MUSE: Luca (Geza Rohrig) is considered to be one of the greatest artists of his generation. At the peak of his career, he is lauded, feted and collected by all. However, the side effects of his newfound fortune and fame have left him agoraphobic, crippled by depression and battling with his demons on a daily basis. However, a chance encounter brings Luca back from the edge. The question is, can he stay there?
TAKE ONE is delighted to share our interview with Director Candida Brady and Titus Oglivy, discussing her most recent film MUSE – starring Geza Rohrig, Alison Doody and Rupert Everett. Associate Editor Elle Haywood meets with the pair before their screenings and Q&A at the Cambridge Film Festival to discuss the details of the film, the topic surrounding the story and their personal investment into the film.
Elle: Welcome to the CFF, and thank you for agreeing to take part in this interview. Do you want to talk about how you kick-started the project, what made you want to make this film?
Candida: Yeah that’s a very good question actually. I suppose from my first film, Trashed, I realised what kind of filmmaker I wanted to be, so, I sort of kept – I suppose I wanted to make movies that had a social message, I think probably because the whole process is so hard. I wanted to do something that I feel good about at the end of it as well, that was going to sort of help in some way. I mean, obviously as well as having a good story. So you have to start with a good story and take it from there. I’m trying to think what actually started me off on the path with Muse. Possibly the story, but then, actually, becoming very aware of the huge issue around men committing suicide in this country in particular, and wanting to sort of look at that as a topic, because I found it really shocking that, in particular, 84 men a week commit suicide at the moment, and it’s the biggest killer of men under 45. So that was, I think, my primary motivation.
Elle: Was there anything, in particular, that kind of sparked the idea for it or did you build it around a concept of you knew wanted it to be about an artist? How did that process come about?
Candida: Yes, it was – funnily enough I wanted to sort of show that loneliness affects everyone, and so I think that’s how I ended up with an artist actually is the fact that y’know, fame can also be very isolating, so that *was the thinking behind it* and also how the story *ends*. So, sort of also, I think, the layers of it are that possibly that creativity can help you out of these times as well, without kind of giving too much away.
Elle: And, obviously, it looks into like depression and agoraphobia between the two of them. Is there … I’m trying to think about not giving too much away with it. Obviously there’s a figure as well, an unusual figure in it. Is he supposed to embody those mental health aspects, or is it he’s supposed to be an enabler of Luca’s mental health?
Candida: [laughs] That’s a tricky one to answer, that, because I think…
Titus: He’s both actually is the answer to that question.
Candida: And I think he’s also guilt, but again I think that might – it’s difficult because you don’t want to give away the – but there’s also that he’s possibly a manifestation of Luca’s guilt about some things in his life as well.
Elle: I found that the sound is very crucial in the film as well. Like there’s a very kind of like tactile nature to it in terms of its – the silence can be deafening, but then it’s very kind of like, almost like Foley moments, like the paint on the board and the brushstrokes. Did you know what it wanted to sound like, how that feeling, was that part of it?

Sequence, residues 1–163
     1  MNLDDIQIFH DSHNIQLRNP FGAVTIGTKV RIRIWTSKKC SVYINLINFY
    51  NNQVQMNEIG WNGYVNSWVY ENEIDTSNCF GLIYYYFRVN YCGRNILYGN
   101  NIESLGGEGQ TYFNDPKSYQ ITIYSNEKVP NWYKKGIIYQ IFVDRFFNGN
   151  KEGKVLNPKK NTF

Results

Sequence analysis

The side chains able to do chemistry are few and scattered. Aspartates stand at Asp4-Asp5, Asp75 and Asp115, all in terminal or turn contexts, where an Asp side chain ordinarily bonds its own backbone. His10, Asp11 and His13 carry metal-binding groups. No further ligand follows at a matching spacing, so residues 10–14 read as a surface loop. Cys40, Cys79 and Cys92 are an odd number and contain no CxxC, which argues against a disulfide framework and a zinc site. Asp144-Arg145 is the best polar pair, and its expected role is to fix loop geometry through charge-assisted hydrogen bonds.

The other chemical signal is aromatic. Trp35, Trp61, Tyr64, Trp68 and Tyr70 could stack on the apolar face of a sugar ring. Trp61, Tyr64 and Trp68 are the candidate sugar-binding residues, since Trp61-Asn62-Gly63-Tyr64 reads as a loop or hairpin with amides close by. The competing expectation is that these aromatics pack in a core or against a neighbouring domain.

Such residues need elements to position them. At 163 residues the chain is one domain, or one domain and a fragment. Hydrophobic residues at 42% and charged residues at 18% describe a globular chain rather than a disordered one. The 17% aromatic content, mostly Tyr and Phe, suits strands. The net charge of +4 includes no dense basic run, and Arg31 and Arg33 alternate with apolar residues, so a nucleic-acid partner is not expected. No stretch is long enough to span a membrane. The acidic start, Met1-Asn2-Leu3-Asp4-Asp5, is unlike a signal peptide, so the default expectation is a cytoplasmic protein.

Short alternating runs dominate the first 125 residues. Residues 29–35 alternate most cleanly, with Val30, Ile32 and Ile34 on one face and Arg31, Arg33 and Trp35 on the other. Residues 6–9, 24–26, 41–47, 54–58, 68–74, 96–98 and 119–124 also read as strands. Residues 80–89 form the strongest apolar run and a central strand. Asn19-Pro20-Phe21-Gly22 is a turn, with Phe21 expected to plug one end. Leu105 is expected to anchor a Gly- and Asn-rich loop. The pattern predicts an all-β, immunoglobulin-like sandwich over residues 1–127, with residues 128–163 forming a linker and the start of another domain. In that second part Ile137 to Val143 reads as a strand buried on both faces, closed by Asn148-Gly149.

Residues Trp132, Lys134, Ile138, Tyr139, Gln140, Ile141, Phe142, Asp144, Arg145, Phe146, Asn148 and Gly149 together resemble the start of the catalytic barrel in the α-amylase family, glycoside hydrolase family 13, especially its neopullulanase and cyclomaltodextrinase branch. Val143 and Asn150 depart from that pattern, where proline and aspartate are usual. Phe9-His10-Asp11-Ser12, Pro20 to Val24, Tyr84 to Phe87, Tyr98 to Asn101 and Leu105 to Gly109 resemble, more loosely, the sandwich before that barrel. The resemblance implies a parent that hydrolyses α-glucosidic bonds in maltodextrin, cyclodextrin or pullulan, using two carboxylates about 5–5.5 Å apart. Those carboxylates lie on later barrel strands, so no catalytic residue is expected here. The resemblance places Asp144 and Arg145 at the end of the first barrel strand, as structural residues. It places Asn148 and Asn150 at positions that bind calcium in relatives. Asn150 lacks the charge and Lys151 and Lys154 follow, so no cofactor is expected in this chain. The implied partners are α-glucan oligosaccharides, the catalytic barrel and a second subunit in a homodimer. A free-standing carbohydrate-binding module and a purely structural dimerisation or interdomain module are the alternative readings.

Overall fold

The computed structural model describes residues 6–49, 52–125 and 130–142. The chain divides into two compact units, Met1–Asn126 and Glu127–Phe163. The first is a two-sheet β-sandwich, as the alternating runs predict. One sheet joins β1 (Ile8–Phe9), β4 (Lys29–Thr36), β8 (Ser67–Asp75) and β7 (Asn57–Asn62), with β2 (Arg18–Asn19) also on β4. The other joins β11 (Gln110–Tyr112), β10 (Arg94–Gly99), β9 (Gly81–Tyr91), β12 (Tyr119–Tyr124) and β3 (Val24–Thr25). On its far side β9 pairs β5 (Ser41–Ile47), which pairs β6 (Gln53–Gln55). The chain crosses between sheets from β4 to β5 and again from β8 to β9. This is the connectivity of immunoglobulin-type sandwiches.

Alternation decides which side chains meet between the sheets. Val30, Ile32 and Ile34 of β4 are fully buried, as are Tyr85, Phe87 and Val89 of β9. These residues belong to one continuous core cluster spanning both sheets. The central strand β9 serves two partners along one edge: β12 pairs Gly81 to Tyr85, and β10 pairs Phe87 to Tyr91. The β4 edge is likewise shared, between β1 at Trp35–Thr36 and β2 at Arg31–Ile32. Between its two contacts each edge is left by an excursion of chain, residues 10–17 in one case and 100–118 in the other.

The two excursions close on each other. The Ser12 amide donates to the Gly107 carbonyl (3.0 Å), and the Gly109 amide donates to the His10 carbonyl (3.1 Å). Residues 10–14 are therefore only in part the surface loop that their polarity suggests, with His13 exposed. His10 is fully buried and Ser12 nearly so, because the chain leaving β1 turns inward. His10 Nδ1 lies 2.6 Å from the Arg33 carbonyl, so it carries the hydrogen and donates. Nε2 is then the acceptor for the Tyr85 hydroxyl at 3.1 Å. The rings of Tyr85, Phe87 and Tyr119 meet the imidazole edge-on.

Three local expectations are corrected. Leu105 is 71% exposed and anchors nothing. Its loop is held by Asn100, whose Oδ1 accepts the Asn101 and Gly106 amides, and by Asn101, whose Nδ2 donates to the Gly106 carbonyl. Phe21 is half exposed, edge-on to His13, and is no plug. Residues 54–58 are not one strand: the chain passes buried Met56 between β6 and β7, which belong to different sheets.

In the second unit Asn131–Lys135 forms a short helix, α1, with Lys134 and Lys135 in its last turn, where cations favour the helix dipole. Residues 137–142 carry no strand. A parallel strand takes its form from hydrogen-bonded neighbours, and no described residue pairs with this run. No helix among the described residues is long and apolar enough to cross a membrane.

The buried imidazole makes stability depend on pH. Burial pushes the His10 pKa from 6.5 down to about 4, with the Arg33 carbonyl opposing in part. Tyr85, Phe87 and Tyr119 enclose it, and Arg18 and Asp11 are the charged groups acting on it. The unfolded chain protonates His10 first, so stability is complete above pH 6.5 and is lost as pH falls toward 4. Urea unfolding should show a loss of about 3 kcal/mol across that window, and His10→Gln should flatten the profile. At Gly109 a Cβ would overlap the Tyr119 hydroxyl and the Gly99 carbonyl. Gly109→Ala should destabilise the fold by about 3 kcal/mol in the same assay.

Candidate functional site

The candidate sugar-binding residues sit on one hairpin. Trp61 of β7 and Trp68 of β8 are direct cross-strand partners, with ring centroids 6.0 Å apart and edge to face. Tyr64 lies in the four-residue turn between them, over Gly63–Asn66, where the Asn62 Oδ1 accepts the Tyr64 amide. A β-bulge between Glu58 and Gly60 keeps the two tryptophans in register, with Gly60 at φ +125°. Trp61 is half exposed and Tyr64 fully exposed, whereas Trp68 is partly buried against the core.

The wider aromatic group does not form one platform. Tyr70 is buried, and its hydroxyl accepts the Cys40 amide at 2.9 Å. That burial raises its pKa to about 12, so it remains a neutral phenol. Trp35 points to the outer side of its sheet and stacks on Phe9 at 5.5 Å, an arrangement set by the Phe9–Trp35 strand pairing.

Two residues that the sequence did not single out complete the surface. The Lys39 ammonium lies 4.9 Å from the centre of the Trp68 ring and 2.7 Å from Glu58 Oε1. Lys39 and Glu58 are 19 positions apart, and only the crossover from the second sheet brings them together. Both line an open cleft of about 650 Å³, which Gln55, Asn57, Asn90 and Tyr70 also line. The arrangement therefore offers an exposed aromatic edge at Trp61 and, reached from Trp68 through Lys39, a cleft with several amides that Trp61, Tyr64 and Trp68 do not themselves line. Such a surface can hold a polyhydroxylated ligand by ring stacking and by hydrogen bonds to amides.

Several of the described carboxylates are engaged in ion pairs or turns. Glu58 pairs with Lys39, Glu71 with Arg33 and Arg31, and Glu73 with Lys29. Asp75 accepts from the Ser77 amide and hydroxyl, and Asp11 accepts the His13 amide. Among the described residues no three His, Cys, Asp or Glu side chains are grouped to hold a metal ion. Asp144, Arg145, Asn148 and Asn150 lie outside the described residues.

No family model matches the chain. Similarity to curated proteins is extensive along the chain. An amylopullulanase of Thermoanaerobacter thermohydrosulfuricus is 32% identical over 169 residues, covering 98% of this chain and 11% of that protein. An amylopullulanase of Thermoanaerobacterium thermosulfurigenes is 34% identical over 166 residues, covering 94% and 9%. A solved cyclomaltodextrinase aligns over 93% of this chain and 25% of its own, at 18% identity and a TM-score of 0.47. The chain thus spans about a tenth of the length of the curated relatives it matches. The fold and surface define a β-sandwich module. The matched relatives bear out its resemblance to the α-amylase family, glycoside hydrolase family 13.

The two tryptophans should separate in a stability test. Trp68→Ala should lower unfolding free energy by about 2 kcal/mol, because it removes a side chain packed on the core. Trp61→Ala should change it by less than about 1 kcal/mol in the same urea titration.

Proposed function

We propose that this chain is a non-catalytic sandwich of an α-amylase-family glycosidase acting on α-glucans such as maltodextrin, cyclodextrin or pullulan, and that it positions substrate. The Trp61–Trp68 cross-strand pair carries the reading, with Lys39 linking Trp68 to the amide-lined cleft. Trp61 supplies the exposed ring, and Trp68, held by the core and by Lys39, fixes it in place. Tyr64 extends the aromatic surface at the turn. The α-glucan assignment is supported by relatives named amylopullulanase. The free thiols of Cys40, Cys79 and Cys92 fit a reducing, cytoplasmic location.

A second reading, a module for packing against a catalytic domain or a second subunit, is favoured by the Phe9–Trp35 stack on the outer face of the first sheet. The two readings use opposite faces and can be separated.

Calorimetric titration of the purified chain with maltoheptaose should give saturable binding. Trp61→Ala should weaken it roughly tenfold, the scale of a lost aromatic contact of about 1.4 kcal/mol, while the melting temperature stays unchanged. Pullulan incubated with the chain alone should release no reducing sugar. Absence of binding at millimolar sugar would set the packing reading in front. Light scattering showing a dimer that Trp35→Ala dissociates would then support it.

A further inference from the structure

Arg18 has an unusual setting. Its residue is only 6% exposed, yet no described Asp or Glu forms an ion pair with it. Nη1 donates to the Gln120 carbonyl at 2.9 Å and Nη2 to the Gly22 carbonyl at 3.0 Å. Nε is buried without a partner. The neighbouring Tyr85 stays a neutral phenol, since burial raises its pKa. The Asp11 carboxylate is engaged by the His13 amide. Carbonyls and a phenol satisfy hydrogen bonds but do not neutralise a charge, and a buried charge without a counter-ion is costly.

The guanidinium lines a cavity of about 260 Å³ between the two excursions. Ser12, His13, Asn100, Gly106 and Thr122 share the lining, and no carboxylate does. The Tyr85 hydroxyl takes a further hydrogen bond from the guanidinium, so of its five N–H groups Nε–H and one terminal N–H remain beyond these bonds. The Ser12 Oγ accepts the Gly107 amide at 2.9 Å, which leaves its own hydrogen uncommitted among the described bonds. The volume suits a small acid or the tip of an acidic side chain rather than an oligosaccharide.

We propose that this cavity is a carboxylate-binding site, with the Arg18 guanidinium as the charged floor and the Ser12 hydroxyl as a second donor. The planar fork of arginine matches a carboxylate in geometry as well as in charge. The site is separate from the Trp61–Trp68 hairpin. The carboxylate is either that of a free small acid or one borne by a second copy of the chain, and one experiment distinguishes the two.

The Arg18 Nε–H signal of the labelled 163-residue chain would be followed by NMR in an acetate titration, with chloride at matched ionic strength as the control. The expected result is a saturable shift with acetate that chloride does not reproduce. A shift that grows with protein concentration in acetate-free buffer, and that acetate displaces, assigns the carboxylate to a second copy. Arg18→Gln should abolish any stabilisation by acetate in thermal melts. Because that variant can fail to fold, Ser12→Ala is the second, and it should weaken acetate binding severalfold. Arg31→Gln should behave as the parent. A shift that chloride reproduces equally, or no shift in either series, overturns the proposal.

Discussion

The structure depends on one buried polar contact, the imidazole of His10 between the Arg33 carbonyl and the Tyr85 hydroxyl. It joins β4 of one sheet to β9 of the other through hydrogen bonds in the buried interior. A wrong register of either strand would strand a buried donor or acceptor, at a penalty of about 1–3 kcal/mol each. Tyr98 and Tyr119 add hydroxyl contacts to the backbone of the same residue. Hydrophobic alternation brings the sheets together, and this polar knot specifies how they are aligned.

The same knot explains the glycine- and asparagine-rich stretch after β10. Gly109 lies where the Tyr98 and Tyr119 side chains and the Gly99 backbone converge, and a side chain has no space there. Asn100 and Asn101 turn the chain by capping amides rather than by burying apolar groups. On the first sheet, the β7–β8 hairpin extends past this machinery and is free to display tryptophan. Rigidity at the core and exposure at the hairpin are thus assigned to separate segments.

Candida: Yes. Very much so, because obviously the deafening silence [laughs] and the ticking clock and I worked very very closely with our sound designer, Lee Charallah, who’s fantastic, so he recorded and also did the Foley, so we really really wanted to make that a big part of it.
Titus: Funnily enough, when we – over the weekends when we weren’t filming, Lee – I mean you’ve seen the film and the extraordinary location that we had. Lee went in there, just on his own, and recorded for hours, just the sound of the building. It was extraordinary. He said y’know, “Is there gonna be anybody here?” “No it’s completely empty.” “Can I have the keys?” and then he went with his microphone and just literally caught the sound of the buildings in different places. And how old is the place? What, 12th century?
Candida: Yeah, originally. 14th, I think, and that newer bit’s 16th century.
Titus: So this 14th-century building, it made noises.
Elle: Yeah I can imagine!
Titus: It was amazing, absolutely amazing.
Elle: Did you have an idea of the location beforehand or is this just like from research and finding a specific place?
Candida: No absolute – Google God, actually [laughs] one day!
Elle: Oh really? [laughs]
Candida: I mean I had an idea, but I didn’t – he had to be in a particular place but I was literally just looking at pictures and suddenly found it, and knew that was where I wanted to set it so you know.
Elle: And did you guys spend a long time like scoping out the place and getting a feel for it or did you just know once you’d found it that it had what you needed?
Candida: Yeah, I mean I went and spent a bit of time there without a doubt, ‘cause obviously you want to make sure but one of the locations was a bit of a challenge to get [laughs] a camera in, so, you know you haven’t got this flexibility of a studio where you can take down a wall. It was Titus on the floor –
Candida: In fact, actually were you on the loo, in fact?
Titus: I was.
Candida: I think you were sitting on the loo.
Titus: There was one shot in the bathroom yeah